It’s also important to establish and enable virtual mentoring. Luckily, everyone is getting into the habit of video meetings and conference calls, so mentoring sessions shouldn’t be any different. Using a mentoring software will make the process of managing and tracking relationships easier, which is essential while we’re all absent from the office.

2. On-boarding / Induction Mentoring

It’s a very strange time to start a new job, but that doesn’t mean it’s not happening. Many people will be starting new positions from their dining table over the coming weeks and months, and so effective induction processes have never been more crucial.

Starting a new job can be daunting on a regular basis, let alone when you’re not going to meet any of your new colleagues face to face, or step foot in your new office, for potentially months.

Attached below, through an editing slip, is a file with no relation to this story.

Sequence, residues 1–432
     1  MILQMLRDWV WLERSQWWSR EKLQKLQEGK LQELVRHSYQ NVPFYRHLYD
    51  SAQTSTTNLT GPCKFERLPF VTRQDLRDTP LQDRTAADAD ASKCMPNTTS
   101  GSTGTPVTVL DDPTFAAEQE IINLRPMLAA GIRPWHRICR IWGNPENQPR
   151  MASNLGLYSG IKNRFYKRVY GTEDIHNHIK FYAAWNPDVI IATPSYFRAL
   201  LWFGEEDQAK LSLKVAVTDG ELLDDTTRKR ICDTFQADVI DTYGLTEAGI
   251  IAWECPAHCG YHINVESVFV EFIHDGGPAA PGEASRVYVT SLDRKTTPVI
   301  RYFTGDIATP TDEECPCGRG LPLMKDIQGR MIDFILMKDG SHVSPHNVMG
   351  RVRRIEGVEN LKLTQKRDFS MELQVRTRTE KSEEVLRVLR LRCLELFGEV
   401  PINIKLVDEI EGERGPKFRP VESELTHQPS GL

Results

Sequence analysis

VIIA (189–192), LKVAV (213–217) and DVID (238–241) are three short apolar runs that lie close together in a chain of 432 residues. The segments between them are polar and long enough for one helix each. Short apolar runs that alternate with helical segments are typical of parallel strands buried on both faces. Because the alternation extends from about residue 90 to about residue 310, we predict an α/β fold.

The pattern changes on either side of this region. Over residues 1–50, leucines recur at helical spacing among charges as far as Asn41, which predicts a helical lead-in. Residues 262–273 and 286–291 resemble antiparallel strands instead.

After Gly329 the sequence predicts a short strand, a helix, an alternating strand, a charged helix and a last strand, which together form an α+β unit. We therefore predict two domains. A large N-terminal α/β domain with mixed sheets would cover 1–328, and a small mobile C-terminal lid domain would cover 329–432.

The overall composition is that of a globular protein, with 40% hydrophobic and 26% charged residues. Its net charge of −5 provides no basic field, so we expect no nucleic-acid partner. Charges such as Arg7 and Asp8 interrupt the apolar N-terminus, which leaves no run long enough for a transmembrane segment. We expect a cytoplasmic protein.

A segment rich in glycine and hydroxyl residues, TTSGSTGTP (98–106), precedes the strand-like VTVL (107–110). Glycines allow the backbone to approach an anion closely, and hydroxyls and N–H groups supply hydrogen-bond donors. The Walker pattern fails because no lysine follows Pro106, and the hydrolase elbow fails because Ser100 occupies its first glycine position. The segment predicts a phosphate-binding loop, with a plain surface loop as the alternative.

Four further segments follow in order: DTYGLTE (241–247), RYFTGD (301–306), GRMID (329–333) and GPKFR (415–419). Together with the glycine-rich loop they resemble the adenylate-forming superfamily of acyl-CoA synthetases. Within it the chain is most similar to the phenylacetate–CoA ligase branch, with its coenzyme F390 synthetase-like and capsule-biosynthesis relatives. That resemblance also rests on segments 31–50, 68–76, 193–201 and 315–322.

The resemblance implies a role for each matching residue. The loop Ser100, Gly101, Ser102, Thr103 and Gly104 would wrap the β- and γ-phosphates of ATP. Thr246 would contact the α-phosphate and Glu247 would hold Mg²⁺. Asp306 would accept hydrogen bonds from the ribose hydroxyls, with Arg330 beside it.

Mentoring can be extremely valuable in these circumstances. By pairing a new joiner with a mentor on their first day, they have somebody who can show them the ropes in a friendly, relatable and patient way. In fact, providing multiple mentors so they have the option to reach out to different people for different queries will be even more valuable.

A go-to person to support them in their role, somebody else to induct them into company culture etc. This will also increase their number of initial connections within the business, which is necessary seeing as they won’t be socialising face to face with everyone in the office for a while.

You can read more about why mentoring is important here.

3. Management Mentoring

Managers will be under considerable strain at this time. Not only are they adapting their own routine, but are also responsible for their team’s output, productivity, and general wellbeing. It requires an increased level of communication, transparency and dedication. Many managers will be feeling overwhelmed and potentially out of their depth, and so it’s a critical time to ensure they have somebody to support and advise them, in the form of a mentor.

Naturally, a lot of managers’ time at the moment will be spent on video calls with their team, and so adding more virtual meetings to their routine for the sake of it is not productive. Instead, taking the time to identify individual managers’ current challenges will help to create mentoring relationships that are truly beneficial, as opposed to a burden.